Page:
Continuing from earlier post A Traveller’s Guide to Bangalore
Mysore (140 km)
City of silk and sandalwood, of fantasy gardens and fairy-tale palaces, Mysore has changed very little since its days as the princely city that several royal families made their headquarters and were proud to call home. Strangely the name ‘Mysore’ is derived from Mahishasura, a monster killed by the goddess Chamundeswari. Mysore was the ancient capital of the State, capital of the Hoysala Kings and Haider Ali, and the key city during the reign of the Guptas, the Ganges, Kadamas, Pallavas, Chalukyas, Cholas, the Vijaynagar emperors and later, the Wadiyars.
An ochre-colored extravaganza of domes, arches, turrets, colonnades and the stunningly intricate sculpture of the Hoysala school. It is a magnificent synthesis of Hindu and Muslim styles, where the royal palace designer’s imagination seems to have been spurred to soaring heights by the determination to include every opulent decorative and architectural feature he could think of.
In spite of its ancient appearance, the Palace is a surprisingly recent building having been constructed in 1911 to replace on that was partially burnt down. Illuminated by countless tiny lights on Sunday nights, the palace is an outstanding piece of architecture.
Stained glass, ornate gilt work, intricate mosaics, and carvings occur in a gorgeous profusion inside. The most spectacular single item on view is the royal, golden elephant throne. Some say it was a gift to Maharaja Chikka Devaraya from Emperor Aurangzeb, who send it through ambassadors of the Mysore monarch in 1699. The Palace legend, however, states that it was the ancient throne of the Pandus which was unearthed at Penukonda by the founders of the Vijaynagar Empire, who were told of its presence by an ascetic. The splendid throne changed locale according to the whims of the occupants and was found in the lumber room when Shrirangapatnam was taken by the British and used at the coronation of the five-year-old Wadiyar heir when the dynasty was restored in 1799. Originally the throne was made of fig wood overlaid with ivory, but the tastes of some later ruler dictated that the ivory be plated with gold and silver. The throne is delicately wrought with figures from Hindu mythology.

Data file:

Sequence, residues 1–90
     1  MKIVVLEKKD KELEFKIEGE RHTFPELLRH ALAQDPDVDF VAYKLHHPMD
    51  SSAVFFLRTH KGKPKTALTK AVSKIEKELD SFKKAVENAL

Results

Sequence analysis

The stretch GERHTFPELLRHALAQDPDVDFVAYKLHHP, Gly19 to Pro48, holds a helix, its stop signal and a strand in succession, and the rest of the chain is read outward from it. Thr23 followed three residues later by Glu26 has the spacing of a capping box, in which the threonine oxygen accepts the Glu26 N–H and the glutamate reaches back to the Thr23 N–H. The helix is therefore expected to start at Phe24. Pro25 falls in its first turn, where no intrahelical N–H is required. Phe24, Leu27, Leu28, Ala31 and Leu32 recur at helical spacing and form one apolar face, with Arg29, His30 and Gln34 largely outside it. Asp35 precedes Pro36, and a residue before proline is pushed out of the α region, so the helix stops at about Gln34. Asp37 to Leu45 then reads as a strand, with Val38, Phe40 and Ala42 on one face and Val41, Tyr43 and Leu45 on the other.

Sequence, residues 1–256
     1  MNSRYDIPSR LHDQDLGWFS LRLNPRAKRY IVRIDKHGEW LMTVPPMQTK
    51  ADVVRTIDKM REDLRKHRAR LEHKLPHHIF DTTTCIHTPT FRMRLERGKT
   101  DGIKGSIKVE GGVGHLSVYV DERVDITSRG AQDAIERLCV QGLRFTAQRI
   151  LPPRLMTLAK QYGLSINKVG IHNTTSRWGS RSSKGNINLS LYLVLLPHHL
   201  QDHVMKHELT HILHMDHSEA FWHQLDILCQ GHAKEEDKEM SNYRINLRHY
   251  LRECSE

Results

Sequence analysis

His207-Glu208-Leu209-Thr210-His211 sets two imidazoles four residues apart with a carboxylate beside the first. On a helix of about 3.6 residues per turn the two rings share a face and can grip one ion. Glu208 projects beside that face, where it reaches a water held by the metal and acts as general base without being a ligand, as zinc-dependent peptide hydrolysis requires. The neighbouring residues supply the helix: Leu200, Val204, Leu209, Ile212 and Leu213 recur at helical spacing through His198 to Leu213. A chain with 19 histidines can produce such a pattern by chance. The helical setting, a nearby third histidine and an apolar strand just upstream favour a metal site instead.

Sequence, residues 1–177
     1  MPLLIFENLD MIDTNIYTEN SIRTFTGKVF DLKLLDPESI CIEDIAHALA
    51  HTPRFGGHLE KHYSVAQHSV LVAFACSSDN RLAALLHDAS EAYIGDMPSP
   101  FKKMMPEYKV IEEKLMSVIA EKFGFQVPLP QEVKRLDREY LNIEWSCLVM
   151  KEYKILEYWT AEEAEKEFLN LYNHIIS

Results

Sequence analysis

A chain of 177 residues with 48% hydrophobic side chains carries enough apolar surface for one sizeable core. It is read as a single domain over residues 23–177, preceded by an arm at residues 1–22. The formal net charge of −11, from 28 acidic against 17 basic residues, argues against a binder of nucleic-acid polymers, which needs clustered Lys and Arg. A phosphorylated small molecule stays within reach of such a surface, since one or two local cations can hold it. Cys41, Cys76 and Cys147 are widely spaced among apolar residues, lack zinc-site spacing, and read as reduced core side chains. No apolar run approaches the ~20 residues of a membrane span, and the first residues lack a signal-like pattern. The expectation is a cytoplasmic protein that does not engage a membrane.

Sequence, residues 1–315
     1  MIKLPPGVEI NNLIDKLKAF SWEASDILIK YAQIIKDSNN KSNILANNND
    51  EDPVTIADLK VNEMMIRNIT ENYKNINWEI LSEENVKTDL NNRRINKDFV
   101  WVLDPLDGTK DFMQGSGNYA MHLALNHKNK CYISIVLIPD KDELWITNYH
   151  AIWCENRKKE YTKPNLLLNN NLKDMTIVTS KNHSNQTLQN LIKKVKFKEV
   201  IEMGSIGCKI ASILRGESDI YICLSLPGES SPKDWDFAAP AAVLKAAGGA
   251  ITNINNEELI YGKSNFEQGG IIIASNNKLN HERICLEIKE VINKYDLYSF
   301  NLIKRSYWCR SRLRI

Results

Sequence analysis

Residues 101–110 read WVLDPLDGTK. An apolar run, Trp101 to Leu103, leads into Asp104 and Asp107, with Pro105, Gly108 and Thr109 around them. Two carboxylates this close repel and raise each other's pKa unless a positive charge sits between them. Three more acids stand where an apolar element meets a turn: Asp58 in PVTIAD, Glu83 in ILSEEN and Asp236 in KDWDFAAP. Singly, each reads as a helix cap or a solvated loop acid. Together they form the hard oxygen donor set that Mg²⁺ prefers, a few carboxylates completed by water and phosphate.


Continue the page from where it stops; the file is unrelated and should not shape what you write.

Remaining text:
The palace has a Durbar Hall, a chamber for receiving nobility and granting audiences and the Kalyanamandapam, a marriage hall with its life-like representations of the Dassera procession in gaudy color. These paintings are interesting as a view of life in Mysore during the British Raj, Royal Armoury is seen everywhere and the hall containing the hunting trophies is worth a look.
St Philomena’s Cathedral
Attractive spacious church built-in the neo-Gothic style celebrates the feast of St. Philomena every year in August when the statue of the saint is taken in procession through the city.
Government Sandalwood Factory
Watch the process of sandalwood oil being distilled and the amazing art of incense stick manufacture. Entirely handmade, a good worker can make over 10,000 agarbattis a day. Mysore is one of the major centers of manufacture of the incense sticks. You need prior permission to visit this place.
Government Silk Factory
Mysore is one of the largest silk production centers in India, its superior quality silk being used by the master weavers of Kanchipuram and Varanasi. Mysore weavers are super craftsmen too, creating an extremely soft, sensuous type of silk. Silks are sold at the sales counter. Silk weaving can be observed at close quarters. To visit this place, you need to have prior permission.
Ranks among the best in India. It is large and has a varied collection of animals and birds which include Gir lions, a family of chimpanzees, orangutans and several rare and deadly species of snakes.
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